There are two surgical options, both myotomies which cut the sphincter so that it opens easier. The Heller myotomy is has been performed for over a century, is well studied, and has reliable results. It's performed laparoscopically, with instruments inserted through small incisions in the abdomen and operating on the esophagus from the outside, underneath the skin. This is generally complemented by a Dor fundoplication, which wraps the stomach around the esophagus. When the stomach contracts, it will close the sphincter, helping prevent acid reflux and heartburn. The POEM procedure is fairly new: developed in Japan in the late naughties and brought to the U.S. in 2010. POEM works from the inside, tunneling between the mucosal and muscle layers in the esophagus, and doesn't include a fundoplication. POEM has the advantage of a quicker recovery time: one week on soft food and back to work in less than that, whereas Heller is followed by two weeks of a liquid diet followed by two more weeks of soft food; it also comes with a week off work and a month of not lifting heavy objects.
The fewer cuts, quicker recovery, and earlier return to a normal diet make the POEM a very attractive option. In Denver, Dr. Emily Speer has experience performing the procedure, but won't have the equipment until the latter half of the year, and she'll then need to assemble and train a team of POETs to support the surgery. Dr. Reginald Bell is an old and experienced surgeon who's probably performed more myotomies than anyone in Colorado. He said he performed the POEM a few times but found that his hands felt more comfortable with Heller; since his patients didn't have significantly better outcomes with the POEM, he decided to stick with what he does well. When there are sharp instruments next to one's throat, it's important they be wielded by someone who can use them properly.
I've therefore got four reasonable choices. Do the tried-and-true Heller procedure soon with the very experienced surgeon. Wait a year and do the POEM with the freshly-trained POEM surgeon. Travel to Portland and do the POEM with the U.S. experts, then recover at a friend's house for a few days. Get a balloon dilation and hope it lasts several years, then get a myotomy when the sphincter starts overconstricting again. I was initially inclined towards the balloon-and-wait strategy since I was worried that my weight loss and weakness would make surgery recovery challenging. The tearing from dilation makes subsequent surgeries more challenging (POEM moreso than Heller) and my weight gain in January has made me think I'll be better able to recover from a surgery this year than in my late forties. Waiting a year would be attractive, but there's a big risk: calcium channel blockers tend to stop working after "a few" months, so I might fall back to the realm of eating-challenged for months before the procedure. The risk of being forced into a soft diet for several months in advance of a POEM doesn't seem like a good tradeoff for avoiding a month of liquids and soft foods after Heller. Finally, I called The Oregon Clinic, where the national POEM experts are and where I know enough Rangers that I could probably find a spare bedroom and good friends to aid recovery. They would want to schedule some tests in late April and then schedule a surgery after that, which would mean early summer at the soonest. Between the risk of the drugs becoming ineffective this spring and the challenges of a recovery in an unfamiliar environment, this didn't seem like a great plan.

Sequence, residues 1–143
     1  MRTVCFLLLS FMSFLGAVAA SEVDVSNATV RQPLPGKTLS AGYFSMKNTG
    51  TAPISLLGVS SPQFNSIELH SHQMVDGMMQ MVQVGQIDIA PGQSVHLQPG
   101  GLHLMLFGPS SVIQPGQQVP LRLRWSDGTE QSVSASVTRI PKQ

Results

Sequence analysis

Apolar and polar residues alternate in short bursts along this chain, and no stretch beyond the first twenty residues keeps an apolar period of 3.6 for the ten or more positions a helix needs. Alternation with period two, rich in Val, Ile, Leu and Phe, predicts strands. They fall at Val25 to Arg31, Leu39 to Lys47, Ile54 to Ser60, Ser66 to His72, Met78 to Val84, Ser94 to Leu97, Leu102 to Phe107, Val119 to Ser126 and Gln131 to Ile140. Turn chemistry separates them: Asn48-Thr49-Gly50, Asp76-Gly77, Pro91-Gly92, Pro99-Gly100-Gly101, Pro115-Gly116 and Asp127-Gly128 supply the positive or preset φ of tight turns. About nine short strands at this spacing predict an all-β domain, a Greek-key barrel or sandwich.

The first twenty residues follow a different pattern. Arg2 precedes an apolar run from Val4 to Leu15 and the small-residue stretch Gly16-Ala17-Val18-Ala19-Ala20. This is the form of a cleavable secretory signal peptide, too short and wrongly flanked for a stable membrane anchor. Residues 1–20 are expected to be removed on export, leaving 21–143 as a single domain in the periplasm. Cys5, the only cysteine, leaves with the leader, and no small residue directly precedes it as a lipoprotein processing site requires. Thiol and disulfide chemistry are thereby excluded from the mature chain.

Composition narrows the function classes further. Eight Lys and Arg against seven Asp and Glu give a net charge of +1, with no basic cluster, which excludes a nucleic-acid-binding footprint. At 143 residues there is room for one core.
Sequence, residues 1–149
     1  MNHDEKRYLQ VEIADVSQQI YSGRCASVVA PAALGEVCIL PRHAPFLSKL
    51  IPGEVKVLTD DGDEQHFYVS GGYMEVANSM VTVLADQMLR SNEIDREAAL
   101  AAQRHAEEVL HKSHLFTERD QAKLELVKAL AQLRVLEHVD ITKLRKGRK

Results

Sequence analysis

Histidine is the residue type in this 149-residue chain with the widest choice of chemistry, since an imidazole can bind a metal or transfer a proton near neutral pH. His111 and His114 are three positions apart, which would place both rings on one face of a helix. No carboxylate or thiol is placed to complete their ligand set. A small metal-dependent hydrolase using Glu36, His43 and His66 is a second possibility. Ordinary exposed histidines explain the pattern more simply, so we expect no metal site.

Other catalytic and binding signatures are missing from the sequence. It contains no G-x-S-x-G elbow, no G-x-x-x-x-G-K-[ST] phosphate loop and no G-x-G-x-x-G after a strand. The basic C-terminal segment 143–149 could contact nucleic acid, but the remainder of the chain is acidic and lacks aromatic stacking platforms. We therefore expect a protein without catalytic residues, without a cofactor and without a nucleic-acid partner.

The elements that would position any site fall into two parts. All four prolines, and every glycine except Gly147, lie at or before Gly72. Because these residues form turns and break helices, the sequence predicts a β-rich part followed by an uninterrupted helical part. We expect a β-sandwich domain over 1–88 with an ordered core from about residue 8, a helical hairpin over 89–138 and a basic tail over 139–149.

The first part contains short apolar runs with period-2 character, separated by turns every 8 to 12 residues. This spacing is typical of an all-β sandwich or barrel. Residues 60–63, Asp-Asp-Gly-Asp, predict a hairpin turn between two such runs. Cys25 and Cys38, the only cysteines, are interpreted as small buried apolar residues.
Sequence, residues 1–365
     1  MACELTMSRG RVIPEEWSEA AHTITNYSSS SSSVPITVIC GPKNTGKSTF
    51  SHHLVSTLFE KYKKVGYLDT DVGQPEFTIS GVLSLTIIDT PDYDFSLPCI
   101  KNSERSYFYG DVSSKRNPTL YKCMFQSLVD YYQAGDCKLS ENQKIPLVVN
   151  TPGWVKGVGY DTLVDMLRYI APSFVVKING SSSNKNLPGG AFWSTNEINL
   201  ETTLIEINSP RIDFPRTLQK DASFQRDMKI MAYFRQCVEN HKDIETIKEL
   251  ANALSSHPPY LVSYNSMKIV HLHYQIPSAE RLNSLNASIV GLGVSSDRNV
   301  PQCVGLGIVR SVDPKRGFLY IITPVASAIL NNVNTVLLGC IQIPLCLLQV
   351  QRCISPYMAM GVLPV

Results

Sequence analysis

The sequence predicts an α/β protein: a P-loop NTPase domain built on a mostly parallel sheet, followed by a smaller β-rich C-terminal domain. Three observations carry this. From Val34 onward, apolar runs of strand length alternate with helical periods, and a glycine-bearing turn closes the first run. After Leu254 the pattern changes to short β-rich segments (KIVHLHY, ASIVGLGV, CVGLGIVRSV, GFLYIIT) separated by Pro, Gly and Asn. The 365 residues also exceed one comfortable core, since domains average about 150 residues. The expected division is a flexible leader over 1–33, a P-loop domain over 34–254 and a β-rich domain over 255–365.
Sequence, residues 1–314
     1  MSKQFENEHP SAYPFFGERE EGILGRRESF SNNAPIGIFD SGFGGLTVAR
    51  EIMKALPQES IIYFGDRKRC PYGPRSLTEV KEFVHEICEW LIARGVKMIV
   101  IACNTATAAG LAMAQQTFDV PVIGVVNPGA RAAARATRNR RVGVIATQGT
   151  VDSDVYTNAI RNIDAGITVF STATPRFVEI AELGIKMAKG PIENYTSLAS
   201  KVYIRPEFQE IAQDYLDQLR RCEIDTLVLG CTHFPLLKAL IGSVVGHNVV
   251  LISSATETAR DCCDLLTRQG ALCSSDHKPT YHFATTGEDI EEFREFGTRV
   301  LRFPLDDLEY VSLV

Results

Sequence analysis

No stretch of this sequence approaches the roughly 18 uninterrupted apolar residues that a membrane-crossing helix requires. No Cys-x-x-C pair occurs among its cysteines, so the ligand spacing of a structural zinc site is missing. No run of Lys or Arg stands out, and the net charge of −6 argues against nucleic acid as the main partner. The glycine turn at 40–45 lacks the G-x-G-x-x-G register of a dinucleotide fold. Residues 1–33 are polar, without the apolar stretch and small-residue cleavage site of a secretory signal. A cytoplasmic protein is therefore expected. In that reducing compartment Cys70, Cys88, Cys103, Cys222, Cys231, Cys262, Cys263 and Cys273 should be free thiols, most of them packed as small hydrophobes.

Dr. Bell, after confirming that I'm an engineer, pointed at his frontal lobe and said "I think you know that people don't usually make this kind of decision up here," and then circled the base of his skull, saying "they make it somewhere back here." So after a month of reading, interviewing, mulling, and listening to my nurse practitioner wife's insights about healing and surgical recovery I decided that a Heller when I know I'm feeling good is better than a long wait, and a risk of backsliding, for a quick recovery down the road.
The next step toward long-term health is on February 20th. I'm a little nervous, but mostly I'm excited. Fingers crossed, sphincters open.